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Lacunar Strokes


Learning objectives

  • Understand the aetiology and risk factors for lacunar strokes
  • Be able to recognise the clinical presentation
  • Discuss diagnostics and treatment strategies

Historical aspects

  • The concept of lacunar stroke was first described by Dechambre in the early 1800s
  • Lacunes were small cavities found at post mortem
  • Further clinical correlation by Charles Miller Fisher in the 1960s who recorded about 15 clinical types
Lacunar strokes are probably part of the spectrum of small vessel disease (SVD), which affects small arteries, arterioles, venules, and capillaries in the brain, has long been associated with cognitive impairment and dementia<. Lacunes are Predictors of Cognitive Decline in Cerebral Small-Vessel Disease

Introduction

  • Lacunar strokes make up about 20% to 30% of all Ischaemic strokes
  • Short term their prognosis is good but long term they suggest increased risk of death and cognitive decline.
  • Lacunes involve small branches of the larger arteries < 0.4 mm in diameter and are usually end arteries with no collaterals.
  • These are branches of arteries 4-8 mm in diameter which is a 10 fold drop in size/diameter.
  • The gradual reduction in calibre is not seen so these small vessels are more vulnerable to elevated blood pressure.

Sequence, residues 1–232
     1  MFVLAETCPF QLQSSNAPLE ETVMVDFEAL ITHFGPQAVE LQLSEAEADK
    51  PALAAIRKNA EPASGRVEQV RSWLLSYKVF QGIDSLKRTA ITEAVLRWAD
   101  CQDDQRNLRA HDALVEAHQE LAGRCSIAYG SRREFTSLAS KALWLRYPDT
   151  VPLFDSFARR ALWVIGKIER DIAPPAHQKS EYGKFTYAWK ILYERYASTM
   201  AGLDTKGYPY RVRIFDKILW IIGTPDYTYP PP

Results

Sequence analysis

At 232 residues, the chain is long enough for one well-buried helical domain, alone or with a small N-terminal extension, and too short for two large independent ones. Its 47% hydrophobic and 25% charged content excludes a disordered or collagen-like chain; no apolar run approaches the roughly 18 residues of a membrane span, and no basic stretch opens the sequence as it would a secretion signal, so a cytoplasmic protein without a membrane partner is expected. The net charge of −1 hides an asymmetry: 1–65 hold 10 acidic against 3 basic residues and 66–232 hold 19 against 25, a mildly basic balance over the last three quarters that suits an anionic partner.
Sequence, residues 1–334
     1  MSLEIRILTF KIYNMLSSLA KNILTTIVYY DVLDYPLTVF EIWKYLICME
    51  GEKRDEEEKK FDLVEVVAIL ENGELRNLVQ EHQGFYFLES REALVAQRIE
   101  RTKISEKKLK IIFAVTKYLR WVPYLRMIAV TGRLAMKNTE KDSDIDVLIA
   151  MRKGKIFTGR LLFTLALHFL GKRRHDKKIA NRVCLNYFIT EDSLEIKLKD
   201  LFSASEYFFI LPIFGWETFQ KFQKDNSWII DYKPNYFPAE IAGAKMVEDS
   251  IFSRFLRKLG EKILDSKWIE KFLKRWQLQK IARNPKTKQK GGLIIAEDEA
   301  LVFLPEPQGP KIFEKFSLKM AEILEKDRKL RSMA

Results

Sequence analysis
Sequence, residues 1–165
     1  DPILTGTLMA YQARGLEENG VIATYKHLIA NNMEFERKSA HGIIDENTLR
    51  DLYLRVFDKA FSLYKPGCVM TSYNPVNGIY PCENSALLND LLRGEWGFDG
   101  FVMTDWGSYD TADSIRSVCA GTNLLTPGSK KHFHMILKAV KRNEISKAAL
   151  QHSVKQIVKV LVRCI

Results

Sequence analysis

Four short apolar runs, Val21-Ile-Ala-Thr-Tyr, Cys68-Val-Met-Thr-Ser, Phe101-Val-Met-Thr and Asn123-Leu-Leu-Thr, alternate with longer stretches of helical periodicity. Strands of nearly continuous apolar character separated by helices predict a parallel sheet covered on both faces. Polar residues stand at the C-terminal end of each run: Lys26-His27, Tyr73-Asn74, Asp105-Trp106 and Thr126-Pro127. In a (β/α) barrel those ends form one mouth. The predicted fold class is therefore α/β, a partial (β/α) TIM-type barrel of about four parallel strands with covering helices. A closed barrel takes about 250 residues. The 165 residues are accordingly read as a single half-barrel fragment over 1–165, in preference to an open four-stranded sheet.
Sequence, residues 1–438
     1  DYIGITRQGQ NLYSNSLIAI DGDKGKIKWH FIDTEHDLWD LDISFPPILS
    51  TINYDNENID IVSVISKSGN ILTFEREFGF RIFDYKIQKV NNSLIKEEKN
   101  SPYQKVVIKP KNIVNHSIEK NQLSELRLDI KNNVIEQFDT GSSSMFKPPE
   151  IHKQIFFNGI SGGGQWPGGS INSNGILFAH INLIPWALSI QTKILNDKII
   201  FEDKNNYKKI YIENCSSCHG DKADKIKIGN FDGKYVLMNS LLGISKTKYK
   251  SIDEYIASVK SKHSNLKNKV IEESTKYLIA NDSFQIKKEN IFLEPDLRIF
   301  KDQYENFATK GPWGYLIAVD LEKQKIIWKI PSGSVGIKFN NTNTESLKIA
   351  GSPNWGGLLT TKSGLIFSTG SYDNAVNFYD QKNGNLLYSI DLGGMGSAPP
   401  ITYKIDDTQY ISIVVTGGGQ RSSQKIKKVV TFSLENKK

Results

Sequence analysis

• Lacunae, or small-vessel strokes, large overlap with small vessel disease but SVD is the pathology and lacunar strokes the effect.
  • The ostia of the penetrating vessels may be occluded by a large thrombus within the lumen of the main vessel.
  • The strokes in this case are usually larger than a single lacune and would not represent true penetrating artery disease.

Vessels and Site

  • Lenticulostriate (MCA)
  • Anterior striate
  • Heubner arteries
  • Thalamoperforators (PCA)
  • Deep perforators of basilar
  • Deep cerebral white matter
  • Basal ganglia,
  • Basic pontis (pans) due to occlusion of a single small perforating artery supplying the subcortical areas of the brain.

Aetiology

  • Hypertension documented in 90% of those with Lacunar strokes though this has been questioned in other studies
  • Commoner in African Caribbean origin, diabetes and hypertension
  • Acute lesions well seen on MRI and sometimes CT
  • Rounded infarct cavities with a diameter < 1.5 cm are found
  • Small vessels exposed to high blood pressures
  • Occluded by lipohyalinosis/fibrinoid necrosis or microemboli
  • Microatheroma and Arteriolosclerosis related to vascular risk factors
  • The areas typified by lacunar infarcts also are the setting of hypertensive bleeds
  • It is also the area most affected by microbleeds which may leave behind small cavities

Anatomy of lesions

  • Centrum semiovale, Caudate nucleus, internal capsule
  • Globus pallidus and Putamen and Thalamus
  • Brainstem and Cerebellum midline
  • Rounded infarcts with a diameter < 1.5 cm
  • Small vessels exposed to high blood pressures

Risk Factors

  • 90% have a history of Hypertension
  • Commoner in African Caribbean origin
  • Diabetes, Smokers

Vessels affected

  • Medial/Lateral Lenticulostriate branches of ACA/MCA
  • Thalamogeniculate/perforant branches of PCA
  • Paramedian branches of Basilar artery